Social networks: advertising opportunity or trademark infringement?

Authors: Erikas Saukalas, METIDA partner, attorney-at-law, Head of the International Relations Division, court mediator; Laurynas Jurgaitis, METIDA lawyer

shutterstock_169451720Social networks offer endless opportunities for communication with clients. Thus, it is inevitable that many entrepreneurs set up official accounts on Facebook, Instagram or YouTube. However, it should be pointed out that social networks are also the feeding ground for trademark thieves. In practice, we can come across the following situations:

  • an unauthorised person uses trademarks and other commercial attributes on his or her own social network account for advertising purposes;
  • a competitor uses a confusingly similar trademark on his or her own account;
  • a social network user creates an account with an incorporated trademark he or she does not own.

It might be difficult to defend the rights of a trademark owner, particularly in situations where the identity of the infringer is unknown. But the good news is that the terms and policies of the majority of the existing social networks forbid intellectual property violations and have implemented measures to combat this issue.

They offer a procedure that can help anyone interested to protect their trademark rights against infringements by reporting violations to the social network administration, using a featured network function. A trademark owner will be asked to provide registration data on the respective trademark, copies of a registration certificate and a statement describing the manner in which his or her right have been violated. The statement must specify the circumstances which would evidently show the unlawful attempts or intentions of the infringer to use the social network account for commercial purposes, i.e. for advertising of specific goods or products. Such circumstances could be cases of actual confusion of network users in the comment section or misleading hashtags.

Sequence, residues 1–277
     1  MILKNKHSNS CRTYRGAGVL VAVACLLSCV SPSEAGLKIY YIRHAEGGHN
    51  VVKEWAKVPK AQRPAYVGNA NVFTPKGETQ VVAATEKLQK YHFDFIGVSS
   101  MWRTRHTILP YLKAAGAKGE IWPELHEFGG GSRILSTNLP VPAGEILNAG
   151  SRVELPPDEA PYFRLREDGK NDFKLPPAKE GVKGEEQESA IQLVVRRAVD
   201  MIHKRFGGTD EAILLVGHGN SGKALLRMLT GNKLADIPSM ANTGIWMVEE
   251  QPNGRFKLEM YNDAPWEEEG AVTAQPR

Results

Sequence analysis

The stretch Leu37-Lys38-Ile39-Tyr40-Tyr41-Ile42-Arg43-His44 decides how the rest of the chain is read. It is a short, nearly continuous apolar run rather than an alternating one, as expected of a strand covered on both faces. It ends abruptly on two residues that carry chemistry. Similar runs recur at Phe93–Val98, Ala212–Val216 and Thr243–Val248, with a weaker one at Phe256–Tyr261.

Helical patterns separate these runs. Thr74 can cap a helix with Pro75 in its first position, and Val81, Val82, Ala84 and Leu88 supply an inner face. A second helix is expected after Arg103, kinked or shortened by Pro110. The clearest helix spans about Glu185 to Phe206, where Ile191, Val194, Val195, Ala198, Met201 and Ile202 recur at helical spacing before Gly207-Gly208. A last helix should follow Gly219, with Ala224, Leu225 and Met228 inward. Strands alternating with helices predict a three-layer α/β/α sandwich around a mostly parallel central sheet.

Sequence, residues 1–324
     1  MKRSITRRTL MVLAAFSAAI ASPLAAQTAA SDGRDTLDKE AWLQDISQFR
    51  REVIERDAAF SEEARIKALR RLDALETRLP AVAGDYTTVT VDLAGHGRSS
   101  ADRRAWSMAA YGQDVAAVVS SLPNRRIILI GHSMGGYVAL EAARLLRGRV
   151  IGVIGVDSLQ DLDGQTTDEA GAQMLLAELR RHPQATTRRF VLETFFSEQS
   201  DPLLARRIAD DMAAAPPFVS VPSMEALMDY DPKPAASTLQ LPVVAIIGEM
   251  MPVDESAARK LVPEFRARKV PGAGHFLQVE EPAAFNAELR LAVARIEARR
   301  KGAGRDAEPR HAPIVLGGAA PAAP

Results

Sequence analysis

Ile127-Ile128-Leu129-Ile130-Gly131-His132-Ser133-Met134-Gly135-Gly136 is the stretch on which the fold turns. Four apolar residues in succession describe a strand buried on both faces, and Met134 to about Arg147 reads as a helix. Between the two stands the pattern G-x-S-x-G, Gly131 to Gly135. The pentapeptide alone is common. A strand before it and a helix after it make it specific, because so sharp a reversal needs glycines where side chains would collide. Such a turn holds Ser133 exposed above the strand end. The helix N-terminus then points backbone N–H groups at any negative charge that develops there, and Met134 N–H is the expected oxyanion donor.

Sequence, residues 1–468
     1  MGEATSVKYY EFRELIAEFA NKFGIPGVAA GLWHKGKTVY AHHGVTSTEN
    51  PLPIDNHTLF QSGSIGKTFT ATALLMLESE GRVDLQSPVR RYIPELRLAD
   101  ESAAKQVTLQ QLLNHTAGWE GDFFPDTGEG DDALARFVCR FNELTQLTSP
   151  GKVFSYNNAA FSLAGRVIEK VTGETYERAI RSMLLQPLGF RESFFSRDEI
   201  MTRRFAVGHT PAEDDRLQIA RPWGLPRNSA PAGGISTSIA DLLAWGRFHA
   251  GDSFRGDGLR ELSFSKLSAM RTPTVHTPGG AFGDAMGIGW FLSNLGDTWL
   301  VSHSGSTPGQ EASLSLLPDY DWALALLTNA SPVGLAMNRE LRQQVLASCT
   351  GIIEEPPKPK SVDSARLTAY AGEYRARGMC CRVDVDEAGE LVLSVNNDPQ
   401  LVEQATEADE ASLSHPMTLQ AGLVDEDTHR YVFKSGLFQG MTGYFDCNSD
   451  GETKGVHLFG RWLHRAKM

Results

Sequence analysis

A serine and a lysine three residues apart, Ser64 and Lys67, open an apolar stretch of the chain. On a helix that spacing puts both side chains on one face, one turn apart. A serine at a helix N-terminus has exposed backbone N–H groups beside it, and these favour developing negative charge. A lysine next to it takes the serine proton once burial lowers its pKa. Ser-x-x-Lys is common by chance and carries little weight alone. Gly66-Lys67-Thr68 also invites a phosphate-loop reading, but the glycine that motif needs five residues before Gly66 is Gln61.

However, the use of a trademark will not be considered to be illegal if a network user advertising this trademark is not seeking commercial profit. In addition, in certain cases the use of a trademark could be even justified, when, for example, trying to indicate the purpose of use of accessories or spare parts of the products.

Mind that the described procedure for reporting intellectual property violations must be used with due caution. In the event of identified cases of trademark rights infringements, it is recommended to first address the wrongdoer directly, asking to suspend the unlawful use. Keeping in mind the public nature of social networks, instant spread of information and situations known in practice where an imposing or rather casual tone of complaint provokes a negative reaction, it is important to ensure that the request is made clearly and with due respect. If the infringer does not respond, you must contact the social network administration.

Protection of rights of a trademark owner in a social network environment might seem complicated at first, however early registration of a social network account, vigilance in respect of infringers and a prompt reporting procedure for intellectual property rights infringements could make this task much easier.


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